Monday, August 24, 2009

Appreciative Inquiry Empowers Cleveland

I had the privilege of participating in the City of Cleveland's Appreciative Inquiry Summit held August 12-14. The Summit was titled Sustainable Cleveland 2019: Building an Economic Engine to Empower a Green City on a Blue Lake. This title might feel like a stretch, if you noticed that Cleveland was on Forbes Magazine's 2008 list of "The Top 10 Fastest Dying Cities." However, as a participant the dream became very real.

Appreciative Inquiry (AI) is a philosophy and a positive change methodology developed in the early 1980's by Case Western Reserve University PhD candidate David Cooperrider and his advisor Suresh Srivastva. Today Dr. Cooperrider uses the methodology to spread positive change all over the world, including the United Nations.

The Summit was sponsored by the City of Cleveland's Mayor Frank Jackson, who fully participated in the three day event. Summit planners had hoped to attract 500 diverse stakeholders to participate. The end state dream of "A Green City by a Blue Lake" was so compelling that 700 people filled the Cleveland Convention Center to work through the process of making this dream a reality.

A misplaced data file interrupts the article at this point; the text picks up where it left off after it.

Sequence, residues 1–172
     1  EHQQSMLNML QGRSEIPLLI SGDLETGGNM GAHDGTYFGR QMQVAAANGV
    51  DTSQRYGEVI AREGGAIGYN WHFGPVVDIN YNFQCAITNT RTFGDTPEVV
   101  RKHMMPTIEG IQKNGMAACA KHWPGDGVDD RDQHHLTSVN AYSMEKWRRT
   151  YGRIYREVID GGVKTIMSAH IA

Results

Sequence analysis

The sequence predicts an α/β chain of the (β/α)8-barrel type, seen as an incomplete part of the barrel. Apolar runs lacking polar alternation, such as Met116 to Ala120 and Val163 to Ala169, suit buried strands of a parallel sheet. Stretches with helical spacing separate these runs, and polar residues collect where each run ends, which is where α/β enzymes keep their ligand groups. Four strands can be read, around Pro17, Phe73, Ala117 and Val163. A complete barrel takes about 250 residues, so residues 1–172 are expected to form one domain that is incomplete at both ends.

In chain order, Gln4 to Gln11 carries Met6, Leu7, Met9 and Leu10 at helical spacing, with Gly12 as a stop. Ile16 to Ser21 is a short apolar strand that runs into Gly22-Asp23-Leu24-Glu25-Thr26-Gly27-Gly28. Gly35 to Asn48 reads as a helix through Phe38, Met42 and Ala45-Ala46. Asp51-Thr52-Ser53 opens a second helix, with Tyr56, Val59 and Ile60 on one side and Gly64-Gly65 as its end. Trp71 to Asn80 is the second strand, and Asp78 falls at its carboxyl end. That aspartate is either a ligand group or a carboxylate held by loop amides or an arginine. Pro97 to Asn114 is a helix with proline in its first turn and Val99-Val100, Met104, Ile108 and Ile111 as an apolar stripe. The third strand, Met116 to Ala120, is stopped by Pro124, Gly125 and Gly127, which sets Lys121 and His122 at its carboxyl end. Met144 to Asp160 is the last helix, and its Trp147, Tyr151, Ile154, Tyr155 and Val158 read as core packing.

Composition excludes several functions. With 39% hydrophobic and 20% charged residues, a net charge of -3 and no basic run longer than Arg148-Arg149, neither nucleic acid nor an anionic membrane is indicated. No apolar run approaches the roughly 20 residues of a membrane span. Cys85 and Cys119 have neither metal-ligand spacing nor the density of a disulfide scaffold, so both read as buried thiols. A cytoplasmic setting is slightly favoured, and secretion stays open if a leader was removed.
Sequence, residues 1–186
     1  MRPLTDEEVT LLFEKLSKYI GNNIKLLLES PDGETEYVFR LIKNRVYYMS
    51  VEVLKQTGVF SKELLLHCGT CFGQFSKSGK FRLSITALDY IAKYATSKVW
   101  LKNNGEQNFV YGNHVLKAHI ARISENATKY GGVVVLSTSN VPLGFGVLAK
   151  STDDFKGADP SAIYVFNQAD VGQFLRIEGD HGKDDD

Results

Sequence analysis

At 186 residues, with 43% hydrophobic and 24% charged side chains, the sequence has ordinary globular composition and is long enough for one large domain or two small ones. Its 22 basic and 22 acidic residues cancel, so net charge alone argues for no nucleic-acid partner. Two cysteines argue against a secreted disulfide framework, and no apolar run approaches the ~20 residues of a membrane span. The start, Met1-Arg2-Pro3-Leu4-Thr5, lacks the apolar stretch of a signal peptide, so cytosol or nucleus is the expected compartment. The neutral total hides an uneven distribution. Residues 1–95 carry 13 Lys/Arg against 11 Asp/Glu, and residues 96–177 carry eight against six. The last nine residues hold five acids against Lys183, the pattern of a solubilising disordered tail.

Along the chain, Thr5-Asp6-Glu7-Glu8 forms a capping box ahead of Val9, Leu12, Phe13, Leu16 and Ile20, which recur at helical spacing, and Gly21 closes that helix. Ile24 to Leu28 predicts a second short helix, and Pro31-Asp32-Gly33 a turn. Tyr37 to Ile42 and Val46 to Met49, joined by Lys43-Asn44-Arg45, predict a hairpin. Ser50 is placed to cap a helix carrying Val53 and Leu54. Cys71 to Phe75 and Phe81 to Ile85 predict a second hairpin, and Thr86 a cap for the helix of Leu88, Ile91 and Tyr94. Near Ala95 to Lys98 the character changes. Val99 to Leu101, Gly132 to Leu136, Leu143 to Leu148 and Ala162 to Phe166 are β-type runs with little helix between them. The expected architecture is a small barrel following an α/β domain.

A cadre of influential speakers, including Van Jones from the White House, inspired the group. Ray Anderson, CEO of Interface, a petroleum based carpet manufacturer, spoke of his company's commitment to "zero carbon footprint by 2020." The promise that Anderson brought was that you can truly "do well by doing good." As of 2008, Interface has reduced its carbon footprint by 60% and has experienced a sales increase of 60%. Anderson suggests that "creativity comes when an organization sets its vision so high it takes people's breath away."

The Green City by Blue Lake dream obviously took Cleveland's breath away, because by the end of the Summit, the Mayor's Office of Sustainability left with 20 action plans to make the dream a reality and volunteers signed up to work on each plan.

It's clear to me that the AI process works for companies, organizations and cities alike - any group with invested stakeholders.

Good luck Cleveland. I'm rooting for you!

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